Academic Integrity is honest and responsible scholarship. This form of ethical scholarship is highly valued at UNSW. Terms like Academic Integrity, misconduct, referencing, conventions, plagiarism, academic practices, citations and evidence based learning are all considered basic concepts that successful university students understand. Learning how to communicate original ideas, refer sources, work independently, and report results accurately and honestly are skills that you will be able to carry beyond your studies.

The definition of academic misconduct is broad. It covers practices such as cheating, copying and using another person’s work without appropriate acknowledgement. Incidents of academic misconduct may have serious consequences for students.

Plagiarism

UNSW regards plagiarism as a form of academic misconduct. UNSW has very strict rules regarding plagiarism. Plagiarism at UNSW is using the words or ideas of others and passing them off as your own. All Schools in the Business School have a Student Ethics Officer who will investigate incidents of plagiarism and may result in a student’s name being placed on the Plagiarism and Student Misconduct Registers.

Below are examples of plagiarism including self-plagiarism:

Copying: Using the same or very similar words to the original text or idea without acknowledging the source or using quotation marks. This includes copying materials, ideas or concepts from a book, article, report or other written document, presentation, composition, artwork, design, drawing, circuitry, computer program or software, website, internet, other electronic resource, or another person's assignment, without appropriate acknowledgement of authorship.

Inappropriate Paraphrasing: Changing a few words and phrases while mostly retaining the original structure and/or progression of ideas of the original, and information without acknowledgement. This also applies in presentations where someone paraphrases another’s ideas or words without credit and to piecing together quotes and paraphrases into a new whole, without appropriate referencing.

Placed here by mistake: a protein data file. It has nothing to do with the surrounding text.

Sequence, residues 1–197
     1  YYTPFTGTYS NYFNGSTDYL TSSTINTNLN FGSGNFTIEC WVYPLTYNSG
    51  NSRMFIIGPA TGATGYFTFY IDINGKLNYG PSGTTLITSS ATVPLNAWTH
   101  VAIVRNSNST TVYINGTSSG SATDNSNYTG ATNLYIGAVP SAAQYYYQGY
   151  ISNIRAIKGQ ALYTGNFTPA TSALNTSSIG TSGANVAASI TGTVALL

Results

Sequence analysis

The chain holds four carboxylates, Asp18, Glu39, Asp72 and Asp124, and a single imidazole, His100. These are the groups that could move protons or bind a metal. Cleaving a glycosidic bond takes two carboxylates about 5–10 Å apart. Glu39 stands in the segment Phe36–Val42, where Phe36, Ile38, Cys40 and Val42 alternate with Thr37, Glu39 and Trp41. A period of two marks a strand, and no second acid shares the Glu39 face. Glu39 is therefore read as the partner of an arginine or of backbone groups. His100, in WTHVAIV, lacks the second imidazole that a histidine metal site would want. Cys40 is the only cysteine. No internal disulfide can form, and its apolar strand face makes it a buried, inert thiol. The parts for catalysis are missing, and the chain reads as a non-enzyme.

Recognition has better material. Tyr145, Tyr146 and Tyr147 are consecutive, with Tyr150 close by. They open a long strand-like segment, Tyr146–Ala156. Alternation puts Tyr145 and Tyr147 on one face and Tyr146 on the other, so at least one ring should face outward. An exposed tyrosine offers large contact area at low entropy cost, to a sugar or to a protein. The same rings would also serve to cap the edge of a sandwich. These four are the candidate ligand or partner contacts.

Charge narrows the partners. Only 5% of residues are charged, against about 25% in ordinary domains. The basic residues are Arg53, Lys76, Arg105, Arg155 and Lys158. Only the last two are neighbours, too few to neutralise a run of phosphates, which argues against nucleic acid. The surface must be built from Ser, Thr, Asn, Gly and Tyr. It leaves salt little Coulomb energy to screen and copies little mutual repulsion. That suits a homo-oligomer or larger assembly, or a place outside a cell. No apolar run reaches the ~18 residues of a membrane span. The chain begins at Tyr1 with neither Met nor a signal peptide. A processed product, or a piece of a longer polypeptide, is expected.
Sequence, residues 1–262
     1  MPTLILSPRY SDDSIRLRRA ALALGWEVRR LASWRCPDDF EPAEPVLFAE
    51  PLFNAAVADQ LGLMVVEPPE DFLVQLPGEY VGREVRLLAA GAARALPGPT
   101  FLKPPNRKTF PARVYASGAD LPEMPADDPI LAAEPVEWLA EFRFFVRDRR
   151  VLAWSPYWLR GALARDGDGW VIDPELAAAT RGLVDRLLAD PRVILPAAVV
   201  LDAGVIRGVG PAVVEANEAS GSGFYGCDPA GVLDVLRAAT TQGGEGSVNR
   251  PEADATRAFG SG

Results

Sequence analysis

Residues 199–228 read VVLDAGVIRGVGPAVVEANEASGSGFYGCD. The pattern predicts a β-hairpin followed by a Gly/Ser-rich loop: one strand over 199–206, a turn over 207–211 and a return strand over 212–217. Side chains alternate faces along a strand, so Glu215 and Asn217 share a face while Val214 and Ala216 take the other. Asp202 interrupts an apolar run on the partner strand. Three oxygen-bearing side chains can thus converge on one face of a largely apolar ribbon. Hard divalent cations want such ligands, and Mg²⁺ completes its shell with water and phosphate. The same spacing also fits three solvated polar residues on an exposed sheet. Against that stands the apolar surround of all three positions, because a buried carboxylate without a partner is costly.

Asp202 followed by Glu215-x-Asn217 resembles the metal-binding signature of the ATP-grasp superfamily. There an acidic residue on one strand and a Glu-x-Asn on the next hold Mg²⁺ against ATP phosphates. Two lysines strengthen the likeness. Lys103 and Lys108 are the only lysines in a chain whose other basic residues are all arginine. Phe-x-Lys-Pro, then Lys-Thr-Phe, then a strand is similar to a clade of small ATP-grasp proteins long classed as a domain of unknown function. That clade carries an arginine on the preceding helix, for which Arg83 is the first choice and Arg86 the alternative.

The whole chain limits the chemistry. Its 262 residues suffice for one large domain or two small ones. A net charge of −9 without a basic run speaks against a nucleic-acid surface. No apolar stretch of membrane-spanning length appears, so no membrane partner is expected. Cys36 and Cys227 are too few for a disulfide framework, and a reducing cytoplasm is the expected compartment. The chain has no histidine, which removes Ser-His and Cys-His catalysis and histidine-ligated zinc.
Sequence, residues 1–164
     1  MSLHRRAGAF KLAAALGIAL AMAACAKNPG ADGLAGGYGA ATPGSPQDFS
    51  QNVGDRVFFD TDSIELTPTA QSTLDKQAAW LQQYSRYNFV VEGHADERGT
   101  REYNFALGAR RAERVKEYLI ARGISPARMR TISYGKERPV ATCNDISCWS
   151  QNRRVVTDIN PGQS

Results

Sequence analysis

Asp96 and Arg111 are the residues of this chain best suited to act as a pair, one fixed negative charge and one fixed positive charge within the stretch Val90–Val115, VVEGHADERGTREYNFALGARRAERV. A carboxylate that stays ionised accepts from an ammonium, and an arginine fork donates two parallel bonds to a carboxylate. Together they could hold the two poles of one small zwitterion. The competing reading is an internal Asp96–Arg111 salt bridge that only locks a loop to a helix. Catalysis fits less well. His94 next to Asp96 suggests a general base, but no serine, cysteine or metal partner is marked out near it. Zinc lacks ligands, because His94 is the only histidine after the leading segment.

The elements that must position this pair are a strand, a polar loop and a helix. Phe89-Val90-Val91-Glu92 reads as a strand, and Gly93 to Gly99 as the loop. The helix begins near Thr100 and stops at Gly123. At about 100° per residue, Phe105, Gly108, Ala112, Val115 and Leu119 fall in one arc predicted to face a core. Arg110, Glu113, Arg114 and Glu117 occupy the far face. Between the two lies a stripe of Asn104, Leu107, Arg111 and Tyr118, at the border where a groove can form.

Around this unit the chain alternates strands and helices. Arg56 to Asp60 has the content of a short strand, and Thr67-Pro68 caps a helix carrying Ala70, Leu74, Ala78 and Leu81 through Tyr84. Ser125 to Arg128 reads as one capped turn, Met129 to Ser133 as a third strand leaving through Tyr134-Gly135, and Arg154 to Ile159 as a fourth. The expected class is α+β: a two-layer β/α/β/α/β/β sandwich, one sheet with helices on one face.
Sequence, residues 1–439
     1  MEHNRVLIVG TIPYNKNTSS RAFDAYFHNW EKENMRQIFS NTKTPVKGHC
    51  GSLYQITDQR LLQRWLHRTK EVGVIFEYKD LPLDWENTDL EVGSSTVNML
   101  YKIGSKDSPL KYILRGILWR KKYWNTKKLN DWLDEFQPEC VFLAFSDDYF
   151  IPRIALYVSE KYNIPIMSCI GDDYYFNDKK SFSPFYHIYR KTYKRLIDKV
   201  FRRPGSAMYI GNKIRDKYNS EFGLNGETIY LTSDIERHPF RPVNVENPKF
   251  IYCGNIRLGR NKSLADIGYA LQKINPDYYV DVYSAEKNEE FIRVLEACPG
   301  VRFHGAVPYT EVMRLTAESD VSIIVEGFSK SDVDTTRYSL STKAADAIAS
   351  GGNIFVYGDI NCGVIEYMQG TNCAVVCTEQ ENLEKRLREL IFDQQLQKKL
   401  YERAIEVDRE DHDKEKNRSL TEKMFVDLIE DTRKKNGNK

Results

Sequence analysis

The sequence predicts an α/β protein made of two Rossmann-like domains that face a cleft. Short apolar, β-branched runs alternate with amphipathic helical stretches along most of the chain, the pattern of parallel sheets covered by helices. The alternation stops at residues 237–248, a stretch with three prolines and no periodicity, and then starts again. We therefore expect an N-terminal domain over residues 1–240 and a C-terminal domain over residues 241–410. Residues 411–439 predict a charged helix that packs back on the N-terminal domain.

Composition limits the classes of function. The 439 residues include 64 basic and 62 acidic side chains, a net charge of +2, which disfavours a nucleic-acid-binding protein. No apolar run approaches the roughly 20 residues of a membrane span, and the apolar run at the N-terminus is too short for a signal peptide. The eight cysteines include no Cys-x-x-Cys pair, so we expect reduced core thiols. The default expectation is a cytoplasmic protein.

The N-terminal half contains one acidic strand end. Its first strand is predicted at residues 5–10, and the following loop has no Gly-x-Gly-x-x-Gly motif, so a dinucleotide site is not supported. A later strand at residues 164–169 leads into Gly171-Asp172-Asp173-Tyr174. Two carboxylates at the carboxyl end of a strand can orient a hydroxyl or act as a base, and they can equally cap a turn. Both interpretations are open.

Collusion: Presenting work as independent work when it has been produced in whole or part in collusion with other people. Collusion includes:

  • Students providing their work to another student before the due date, or for the purpose of them plagiarising at any time
  • Paying another person to perform an academic task and passing it off as your own
  • Stealing or acquiring another person’s academic work and copying it
  • Offering to complete another person’s work or seeking payment for completing academic work

Collusion should not be confused with academic collaboration (i.e., shared contribution towards a group task).

Inappropriate Citation: Citing sources which have not been read, without acknowledging the 'secondary' source from which knowledge of them has been obtained.

Self-Plagiarism: ‘Self-plagiarism’ occurs where an author republishes their own previously written work and presents it as new findings without referencing the earlier work, either in its entirety or partially. Self-plagiarism is also referred to as 'recycling', 'duplication', or 'multiple submissions of research findings' without disclosure. In the student context, self-plagiarism includes re-using parts of, or all of, a body of work that has already been submitted for assessment without proper citation.

To see if you understand plagiarism, do this short quiz: https://student.unsw.edu.au/plagiarism-quiz

Cheating

The University also regards cheating as a form of academic misconduct. Cheating is knowingly submitting the work of others as their own and includes contract cheating (work produced by an external agent or third party that is submitted under the pretences of being a student’s original piece of work). Cheating is not acceptable at UNSW.

If you need to revise or clarify any terms associated with academic integrity you should explore the 'Working with Academic Integrity' self-paced lessons available at: https://student.unsw.edu.au/aim.

For UNSW policies, penalties, and information to help you avoid plagiarism see: https://student.unsw.edu.au/plagiarism as well as the guidelines in the online ELISE tutorials for all new UNSW students: http://subjectguides.library.unsw.edu.au/elise. For information on student conduct see: https://student.unsw.edu.au/conduct.

For information on how to acknowledge your sources and reference correctly, see: https://student.unsw.edu.au/referencing. If you are unsure what referencing style to use in this course, you should ask the lecturer in charge.


Student Responsibilities and Conduct

Students are expected to be familiar with and adhere to university policies in relation to class attendance and general conduct and behaviour, including maintaining a safe, respectful environment; and to understand their obligations in relation to workload, assessment and keeping informed.

Information and policies on these topics can be found on the 'Managing your Program' website.

Workload